These concerns are understandable, but also resolvable. Even if South Korea suddenly shared a border with China, Seoul would undoubtedly bear the bulk of the cost of reunification. And Beijing would most likely be able to negotiate with the United States to ensure that U.S. troops not be placed near China’s border — its main security concern.
Because it prefers the status quo, Beijing is closing its eyes to the enormous suffering of the North Korean people. The UN report should shake the conscience of anyone who reads it, including the Chinese: It describes a system of camps for 80,000 to 120,000 political prisoners in which inmates regularly endure public executions, torture, sexual abuse, and starvation as a tool of control and punishment. The number of contemporary victims in these camps would be substantially higher had hundreds of thousands not already perished there. The desperate inmates are reduced to an animal-like struggle for survival, while haunted by the unchecked sadism of their guards.
How can concerned people of the world persuade Beijing to change course? Just as Washington and Moscow have been pilloried for coddling friendly dictators, China should be held responsible for the suffering of the North Korean people. The commission’s report has just raised the price of Beijing’s indifference significantly. The fate of North Korea should be a regular part of all governments’ private and public conversations with Beijing.
If China prevents the Security Council from engaging the International Criminal Court or a parallel tribunal, the General Assembly — where there is no veto — should set up a tribunal for North Korea under principles of universal jurisdiction. Such a tribunal would lack the coercive backing of the Security Council, but it would have more legitimacy than comparable universal-jurisdiction prosecutions carried out by individual governments. The five permanent members of the Security Council won’t like this circumvention of their vetoes, of course. But China should learn that the cost of irresponsibly exercising power is the erosion of that power. And after the UN report, the world should no longer ignore Beijing’s complicity in North Korean crimes against humanity.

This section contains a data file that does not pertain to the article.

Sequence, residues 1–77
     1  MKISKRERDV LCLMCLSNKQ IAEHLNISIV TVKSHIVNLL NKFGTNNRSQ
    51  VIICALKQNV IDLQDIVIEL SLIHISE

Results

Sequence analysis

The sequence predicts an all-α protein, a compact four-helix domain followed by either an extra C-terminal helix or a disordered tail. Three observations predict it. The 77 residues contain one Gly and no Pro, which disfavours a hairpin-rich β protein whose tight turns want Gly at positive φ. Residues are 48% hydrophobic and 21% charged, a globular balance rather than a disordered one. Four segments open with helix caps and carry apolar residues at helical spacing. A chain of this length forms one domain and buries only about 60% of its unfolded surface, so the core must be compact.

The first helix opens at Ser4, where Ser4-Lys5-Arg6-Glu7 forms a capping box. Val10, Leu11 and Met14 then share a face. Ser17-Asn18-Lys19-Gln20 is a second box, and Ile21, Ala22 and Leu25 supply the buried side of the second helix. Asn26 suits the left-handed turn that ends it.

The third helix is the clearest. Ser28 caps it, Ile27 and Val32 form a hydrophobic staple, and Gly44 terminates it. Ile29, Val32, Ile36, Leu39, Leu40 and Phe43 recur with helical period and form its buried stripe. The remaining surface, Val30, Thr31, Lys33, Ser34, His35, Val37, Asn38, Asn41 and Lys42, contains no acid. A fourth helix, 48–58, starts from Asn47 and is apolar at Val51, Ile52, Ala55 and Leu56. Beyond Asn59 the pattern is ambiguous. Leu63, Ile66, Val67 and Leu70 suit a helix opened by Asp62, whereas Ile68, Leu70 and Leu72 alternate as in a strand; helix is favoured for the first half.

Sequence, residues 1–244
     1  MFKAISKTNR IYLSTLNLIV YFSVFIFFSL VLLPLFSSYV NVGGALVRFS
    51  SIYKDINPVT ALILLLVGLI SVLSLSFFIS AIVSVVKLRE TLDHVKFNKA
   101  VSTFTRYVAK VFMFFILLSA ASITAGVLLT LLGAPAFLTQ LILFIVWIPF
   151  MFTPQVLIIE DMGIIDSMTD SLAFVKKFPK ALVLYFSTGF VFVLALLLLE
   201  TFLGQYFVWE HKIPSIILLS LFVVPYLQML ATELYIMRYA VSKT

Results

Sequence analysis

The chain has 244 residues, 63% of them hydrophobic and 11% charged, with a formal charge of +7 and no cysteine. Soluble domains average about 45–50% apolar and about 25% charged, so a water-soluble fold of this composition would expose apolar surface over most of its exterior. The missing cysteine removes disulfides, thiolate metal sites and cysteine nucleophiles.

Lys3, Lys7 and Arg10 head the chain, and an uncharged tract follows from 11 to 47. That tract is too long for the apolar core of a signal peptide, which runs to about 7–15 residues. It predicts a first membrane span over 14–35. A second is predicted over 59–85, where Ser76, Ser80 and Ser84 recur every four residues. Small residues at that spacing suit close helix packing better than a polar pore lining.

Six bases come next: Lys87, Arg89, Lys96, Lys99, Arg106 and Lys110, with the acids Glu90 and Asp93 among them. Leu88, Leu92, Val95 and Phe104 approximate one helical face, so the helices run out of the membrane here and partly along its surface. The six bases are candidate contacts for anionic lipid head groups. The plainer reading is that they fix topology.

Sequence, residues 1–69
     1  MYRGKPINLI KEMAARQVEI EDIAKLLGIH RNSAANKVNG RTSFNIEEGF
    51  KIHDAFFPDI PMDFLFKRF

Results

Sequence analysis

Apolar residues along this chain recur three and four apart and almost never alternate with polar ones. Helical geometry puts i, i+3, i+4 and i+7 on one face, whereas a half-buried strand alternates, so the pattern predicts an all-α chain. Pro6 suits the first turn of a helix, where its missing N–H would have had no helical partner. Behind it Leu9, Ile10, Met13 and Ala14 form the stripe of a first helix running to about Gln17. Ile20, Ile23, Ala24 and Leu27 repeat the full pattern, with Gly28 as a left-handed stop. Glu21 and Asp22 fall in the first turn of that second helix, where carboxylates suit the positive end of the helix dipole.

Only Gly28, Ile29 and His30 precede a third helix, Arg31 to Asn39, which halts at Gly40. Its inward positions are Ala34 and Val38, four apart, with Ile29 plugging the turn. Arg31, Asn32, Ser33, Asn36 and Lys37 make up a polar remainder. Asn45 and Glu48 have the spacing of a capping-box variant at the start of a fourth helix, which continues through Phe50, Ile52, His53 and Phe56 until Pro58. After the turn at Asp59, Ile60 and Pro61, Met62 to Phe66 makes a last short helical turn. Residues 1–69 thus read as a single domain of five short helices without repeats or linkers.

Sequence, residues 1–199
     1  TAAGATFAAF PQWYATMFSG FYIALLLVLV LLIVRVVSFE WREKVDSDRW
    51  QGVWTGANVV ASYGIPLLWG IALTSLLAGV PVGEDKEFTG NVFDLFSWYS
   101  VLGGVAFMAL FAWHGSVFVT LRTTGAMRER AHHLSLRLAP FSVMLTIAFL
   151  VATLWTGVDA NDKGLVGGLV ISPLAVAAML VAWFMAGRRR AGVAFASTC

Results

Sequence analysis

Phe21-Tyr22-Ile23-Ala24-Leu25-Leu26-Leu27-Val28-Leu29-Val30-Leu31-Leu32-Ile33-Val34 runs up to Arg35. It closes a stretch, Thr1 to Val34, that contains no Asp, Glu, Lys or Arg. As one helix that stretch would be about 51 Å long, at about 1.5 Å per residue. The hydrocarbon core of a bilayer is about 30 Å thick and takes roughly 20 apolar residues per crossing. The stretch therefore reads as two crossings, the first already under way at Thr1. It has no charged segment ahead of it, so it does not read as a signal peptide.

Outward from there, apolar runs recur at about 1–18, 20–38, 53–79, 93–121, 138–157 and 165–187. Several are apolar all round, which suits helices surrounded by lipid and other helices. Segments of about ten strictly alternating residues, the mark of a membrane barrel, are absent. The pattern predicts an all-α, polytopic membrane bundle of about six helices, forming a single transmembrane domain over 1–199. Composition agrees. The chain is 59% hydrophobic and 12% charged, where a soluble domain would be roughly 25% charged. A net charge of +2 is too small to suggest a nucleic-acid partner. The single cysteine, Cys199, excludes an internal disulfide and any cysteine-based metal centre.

Colum Lynch is Foreign Policy's award-winning U.N.-based senior diplomatic reporter. Lynch previously wrote Foreign Policy's Turtle Bay blog, for which he was awarded the 2011 National Magazine Award for best reporting in digital media. He is also a recipient of the 2013 Elizabeth Neuffer Memorial Silver Prize for his coverage of the United Nations.
Before moving to Foreign Policy, Lynch reported on diplomacy and national security for the Washington Post for more than a decade. As the Washington Post's United Nations reporter, Lynch had been involved in the paper's diplomatic coverage of crises in Afghanistan, Iraq, Lebanon, Sudan, and Somalia, as well as the nuclear standoffs with Iran and North Korea. He also played a key part in the Post's diplomatic reporting on the Iraq war, the International Criminal Court, the spread of weapons of mass destruction, and U.S. counterterrorism strategy. Lynch's enterprise reporting has explored the underside of international diplomacy. His investigations have uncovered a U.S. spying operation in Iraq, Dick Cheney's former company's financial links to Saddam Hussein, and documented numerous sexual misconduct and corruption scandals.
Lynch has appeared frequently on the Lehrer News Hour, MSNBC, NPR radio, and the BBC. He has also moderated public discussions on foreign policy, including interviews with Susan E. Rice, the U.S. National Security Advisor, Gerard Araud, France's U.N. ambassador, and other senior diplomatic leaders.
Born in Los Angeles, California, Lynch received a bachelor's degree from the University of California, Berkeley, in 1985 and a master's degree from Columbia University's Graduate School of Journalism in 1987. He previously worked for the Boston Globe.| The Cable |